WatchGuard Moves Into Authentication Market With Datablink Acquisition

WatchGuard Technologies is continuing to add to its security platform for SMBs, announcing on Tuesday that it had acquired Datablink to boost its authentication capabilities.

WatchGuard said the acquisition has already closed.

The acquisition continues WatchGuard's push to expand its portfolio beyond the network and wireless security space. In an interview with CRN, CEO Prakash Panjwani said Datablink breaks WatchGuard into the authentication space, an area he said is just as important to SMBs and distributed enterprises but has been so far out of reach due to cost and complexity.

[Related: Q&A: WatchGuard CEO On Two-Year Anniversary, SMB Security Opportunity, And UTM Competition]

"Most of the SMBs have survived on user name and passwords for authentication," Panjwani said. "With the breaches increasing every day, the No. 1 thing you hear about is just passwords getting stolen. Having a stronger authentication system that includes multi-factor authentication elements is critical." 

Panjwani said WatchGuard chose Datablink because the company's products fit its two primary criteria for acquisition: a channel-ready product that is assessable for SMBs and distributed enterprises. He said Datablink's cloud-based software offering for authentication is a good fit for both of those criteria.

WatchGuard said it plans to roll out the product as a cloud-based service through its partners. WatchGuard sells 100 percent through the channel. Panjwani said he expects the product will be available to partners through WatchGuard in the first half of next year. He said current Datablink partners can still buy the product in the interim.

For partners, Panjwani said the new technology will fit into the existing WatchGuard partner program, with strong margins and tying into the other services offered on top of the company's security platform. He said it presents an opportunity for partners to layer additional subscriptions on top of existing customer implementations.

"This will be yet another service they can layer on," Panjwani said. "It allows them to have yet another engagement or discussion point to offer additional services top of that. It is a good opportunity for the future."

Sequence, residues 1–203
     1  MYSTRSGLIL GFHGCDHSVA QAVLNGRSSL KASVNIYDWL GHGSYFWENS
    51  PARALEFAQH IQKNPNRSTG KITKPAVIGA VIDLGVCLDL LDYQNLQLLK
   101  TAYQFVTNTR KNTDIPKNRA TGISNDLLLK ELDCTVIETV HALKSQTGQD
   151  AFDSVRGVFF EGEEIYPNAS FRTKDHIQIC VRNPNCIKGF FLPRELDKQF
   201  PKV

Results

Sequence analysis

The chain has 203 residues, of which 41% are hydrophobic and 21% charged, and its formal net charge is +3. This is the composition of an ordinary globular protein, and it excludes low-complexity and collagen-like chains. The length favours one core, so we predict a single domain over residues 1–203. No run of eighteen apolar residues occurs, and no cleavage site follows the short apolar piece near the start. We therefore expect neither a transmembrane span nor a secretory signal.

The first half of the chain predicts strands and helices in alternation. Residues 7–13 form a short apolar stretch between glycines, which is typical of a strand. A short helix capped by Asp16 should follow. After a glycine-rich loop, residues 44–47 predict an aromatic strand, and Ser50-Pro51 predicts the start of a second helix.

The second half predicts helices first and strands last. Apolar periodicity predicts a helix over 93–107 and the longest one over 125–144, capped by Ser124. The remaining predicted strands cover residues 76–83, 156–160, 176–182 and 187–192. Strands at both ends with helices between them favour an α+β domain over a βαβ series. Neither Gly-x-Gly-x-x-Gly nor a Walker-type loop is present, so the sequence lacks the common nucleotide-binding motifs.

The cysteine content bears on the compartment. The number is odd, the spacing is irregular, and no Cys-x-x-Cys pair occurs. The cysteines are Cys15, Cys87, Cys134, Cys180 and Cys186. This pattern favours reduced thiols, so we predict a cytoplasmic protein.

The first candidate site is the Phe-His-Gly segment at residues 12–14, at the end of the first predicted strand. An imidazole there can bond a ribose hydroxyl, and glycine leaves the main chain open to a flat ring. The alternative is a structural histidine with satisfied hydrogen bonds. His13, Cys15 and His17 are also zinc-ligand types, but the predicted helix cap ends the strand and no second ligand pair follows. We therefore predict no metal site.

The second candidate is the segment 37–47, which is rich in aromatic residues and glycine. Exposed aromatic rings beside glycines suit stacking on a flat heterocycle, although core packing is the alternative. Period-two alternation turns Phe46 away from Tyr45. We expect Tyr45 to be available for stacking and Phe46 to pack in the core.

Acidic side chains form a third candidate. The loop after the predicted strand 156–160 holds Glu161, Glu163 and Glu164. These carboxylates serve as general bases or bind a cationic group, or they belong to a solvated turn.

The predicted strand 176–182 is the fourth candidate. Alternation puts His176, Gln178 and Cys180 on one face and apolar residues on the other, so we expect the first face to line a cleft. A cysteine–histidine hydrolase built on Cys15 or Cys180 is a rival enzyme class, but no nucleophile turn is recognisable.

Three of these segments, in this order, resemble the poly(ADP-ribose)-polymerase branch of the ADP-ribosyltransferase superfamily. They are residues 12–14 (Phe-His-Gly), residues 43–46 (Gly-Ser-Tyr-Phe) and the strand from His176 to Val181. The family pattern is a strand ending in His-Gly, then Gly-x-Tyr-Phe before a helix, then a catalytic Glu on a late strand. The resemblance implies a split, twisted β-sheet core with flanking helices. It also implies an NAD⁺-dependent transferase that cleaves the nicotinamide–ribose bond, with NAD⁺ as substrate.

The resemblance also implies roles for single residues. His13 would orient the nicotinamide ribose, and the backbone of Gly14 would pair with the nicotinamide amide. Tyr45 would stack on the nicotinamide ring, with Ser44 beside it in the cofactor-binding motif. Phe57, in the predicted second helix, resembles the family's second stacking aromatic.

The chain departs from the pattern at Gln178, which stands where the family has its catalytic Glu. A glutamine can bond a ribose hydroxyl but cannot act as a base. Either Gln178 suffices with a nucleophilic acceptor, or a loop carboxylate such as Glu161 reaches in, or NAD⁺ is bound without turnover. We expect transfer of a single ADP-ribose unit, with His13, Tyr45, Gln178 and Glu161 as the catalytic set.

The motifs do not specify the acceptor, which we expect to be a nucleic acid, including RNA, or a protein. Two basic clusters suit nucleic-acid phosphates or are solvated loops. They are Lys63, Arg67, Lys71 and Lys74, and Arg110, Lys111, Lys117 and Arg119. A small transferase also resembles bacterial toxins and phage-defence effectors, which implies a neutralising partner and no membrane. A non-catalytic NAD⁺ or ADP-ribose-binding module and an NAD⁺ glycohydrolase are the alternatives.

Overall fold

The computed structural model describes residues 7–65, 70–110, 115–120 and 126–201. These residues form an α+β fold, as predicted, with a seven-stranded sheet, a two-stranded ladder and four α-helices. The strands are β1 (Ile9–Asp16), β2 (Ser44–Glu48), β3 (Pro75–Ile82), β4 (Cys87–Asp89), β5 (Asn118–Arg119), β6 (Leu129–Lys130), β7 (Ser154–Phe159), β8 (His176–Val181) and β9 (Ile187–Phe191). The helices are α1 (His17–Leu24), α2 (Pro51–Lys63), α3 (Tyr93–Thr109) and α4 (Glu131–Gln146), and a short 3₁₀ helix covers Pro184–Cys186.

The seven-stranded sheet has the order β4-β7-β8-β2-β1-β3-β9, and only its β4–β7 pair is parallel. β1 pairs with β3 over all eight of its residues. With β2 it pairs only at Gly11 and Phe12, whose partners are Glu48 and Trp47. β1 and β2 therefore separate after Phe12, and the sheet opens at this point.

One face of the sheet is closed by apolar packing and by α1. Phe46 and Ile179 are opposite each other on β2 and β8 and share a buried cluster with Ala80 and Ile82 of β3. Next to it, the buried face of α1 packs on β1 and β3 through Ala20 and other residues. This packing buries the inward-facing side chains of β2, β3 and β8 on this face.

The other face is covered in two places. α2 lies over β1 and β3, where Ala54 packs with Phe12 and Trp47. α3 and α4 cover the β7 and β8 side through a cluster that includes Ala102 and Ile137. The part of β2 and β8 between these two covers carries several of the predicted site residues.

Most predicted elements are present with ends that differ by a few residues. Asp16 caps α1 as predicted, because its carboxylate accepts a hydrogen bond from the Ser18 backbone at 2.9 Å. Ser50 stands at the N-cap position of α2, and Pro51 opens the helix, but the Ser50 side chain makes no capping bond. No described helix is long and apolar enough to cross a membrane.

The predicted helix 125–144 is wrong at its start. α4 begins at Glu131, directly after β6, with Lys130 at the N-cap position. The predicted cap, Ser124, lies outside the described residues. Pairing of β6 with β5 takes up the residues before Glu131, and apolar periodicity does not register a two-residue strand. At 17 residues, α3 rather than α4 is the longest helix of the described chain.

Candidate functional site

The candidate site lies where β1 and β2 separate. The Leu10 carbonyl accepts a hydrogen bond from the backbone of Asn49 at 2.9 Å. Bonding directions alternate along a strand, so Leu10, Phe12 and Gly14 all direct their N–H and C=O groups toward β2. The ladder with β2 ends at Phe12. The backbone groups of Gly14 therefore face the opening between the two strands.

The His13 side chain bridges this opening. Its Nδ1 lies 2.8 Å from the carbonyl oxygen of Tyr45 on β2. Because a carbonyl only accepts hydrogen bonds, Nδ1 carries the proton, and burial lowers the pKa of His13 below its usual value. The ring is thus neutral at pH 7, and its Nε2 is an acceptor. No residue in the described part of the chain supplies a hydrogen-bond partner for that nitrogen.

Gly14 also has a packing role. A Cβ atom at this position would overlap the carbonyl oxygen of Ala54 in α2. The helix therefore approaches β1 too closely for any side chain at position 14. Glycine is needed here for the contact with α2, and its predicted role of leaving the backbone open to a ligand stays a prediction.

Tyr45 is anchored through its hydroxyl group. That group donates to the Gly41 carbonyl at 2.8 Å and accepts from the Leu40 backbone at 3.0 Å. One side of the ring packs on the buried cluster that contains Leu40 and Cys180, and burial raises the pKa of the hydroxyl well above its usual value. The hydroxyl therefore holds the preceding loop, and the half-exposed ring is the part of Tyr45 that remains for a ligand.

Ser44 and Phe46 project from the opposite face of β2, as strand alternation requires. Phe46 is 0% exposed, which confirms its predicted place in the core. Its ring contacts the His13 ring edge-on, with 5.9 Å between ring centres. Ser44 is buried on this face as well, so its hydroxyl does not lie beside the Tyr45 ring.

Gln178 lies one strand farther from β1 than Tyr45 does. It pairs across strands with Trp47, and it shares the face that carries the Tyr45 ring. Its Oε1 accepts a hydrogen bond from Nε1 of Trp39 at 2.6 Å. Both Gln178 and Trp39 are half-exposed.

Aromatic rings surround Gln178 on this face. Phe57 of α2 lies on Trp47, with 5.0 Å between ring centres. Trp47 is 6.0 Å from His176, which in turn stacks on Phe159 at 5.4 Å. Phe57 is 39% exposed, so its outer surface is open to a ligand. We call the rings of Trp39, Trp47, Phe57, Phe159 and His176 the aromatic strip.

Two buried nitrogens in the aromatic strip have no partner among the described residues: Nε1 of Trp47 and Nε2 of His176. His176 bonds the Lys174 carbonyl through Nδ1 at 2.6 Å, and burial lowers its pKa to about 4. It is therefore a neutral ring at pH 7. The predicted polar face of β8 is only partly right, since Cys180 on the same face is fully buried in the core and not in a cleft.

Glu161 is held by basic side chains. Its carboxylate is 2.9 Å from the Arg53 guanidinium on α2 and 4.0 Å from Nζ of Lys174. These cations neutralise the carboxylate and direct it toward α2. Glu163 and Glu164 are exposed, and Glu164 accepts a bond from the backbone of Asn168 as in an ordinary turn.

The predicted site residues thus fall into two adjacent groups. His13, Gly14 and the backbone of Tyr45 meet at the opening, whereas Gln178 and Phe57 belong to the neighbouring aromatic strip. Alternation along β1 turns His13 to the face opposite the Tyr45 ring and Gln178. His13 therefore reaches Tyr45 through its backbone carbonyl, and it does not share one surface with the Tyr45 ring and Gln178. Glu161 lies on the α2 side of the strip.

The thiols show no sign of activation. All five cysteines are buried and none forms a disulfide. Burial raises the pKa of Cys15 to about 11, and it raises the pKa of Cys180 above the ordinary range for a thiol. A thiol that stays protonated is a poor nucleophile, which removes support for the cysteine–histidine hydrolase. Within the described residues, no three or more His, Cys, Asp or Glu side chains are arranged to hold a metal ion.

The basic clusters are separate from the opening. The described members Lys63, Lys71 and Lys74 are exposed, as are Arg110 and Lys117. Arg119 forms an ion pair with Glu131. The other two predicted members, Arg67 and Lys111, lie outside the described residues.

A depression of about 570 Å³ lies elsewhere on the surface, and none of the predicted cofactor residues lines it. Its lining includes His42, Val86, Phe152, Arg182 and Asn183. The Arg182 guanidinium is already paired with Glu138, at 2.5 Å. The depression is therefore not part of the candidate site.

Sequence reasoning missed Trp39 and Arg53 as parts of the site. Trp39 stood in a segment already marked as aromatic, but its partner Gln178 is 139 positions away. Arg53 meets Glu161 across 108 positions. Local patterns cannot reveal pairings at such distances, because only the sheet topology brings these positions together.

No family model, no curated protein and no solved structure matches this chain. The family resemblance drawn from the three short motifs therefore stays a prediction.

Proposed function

Panjwani said nearly all Datablink employees will be joining the WatchGuard team, starting today. He said that includes 70 employees, who mainly work in engineering and manufacturing.

The acquisition comes shortly after Panjwani said in an interview with CRN that WatchGuard would expand its portfolio through investments and acquisitions. Panjwani said at the time that WatchGuard would look for offerings that bring enterprise security to SMB customers and are also channel-ready or could be made channel-ready. He then noted the following technology areas the company would look at include CASB, access control including single sign-on and two-factor authentication, and additional layers of defense for the company's web application firewall.

Acquisitions have already been part of the WatchGuard portfolio expansion strategy. Last year the company acquired HawkEye G from Hexis Cyber Solutions to add new threat detection and response capabilities to its platform.

Kevin Willette, partner, president and CEO of Verus, a Coon Rapids, Minn.-based WatchGuard Platinum partner, praised WatchGuard's strategy to expand its portfolio both organically and through acquisition. He said Panjwani, in particular, has played a critical role in driving that strategy for the company since he came on board a little more than two years ago.

Willette said it is particularly beneficial to have WatchGuard bundle different security components into their appliances and add cloud-based offerings. WatchGuard plans to do both of those things with the Datablink acquisition.

"They really take all these enterprise-specific applications that most midmarket companies don't normally have the ability to purchase," Willette said. 

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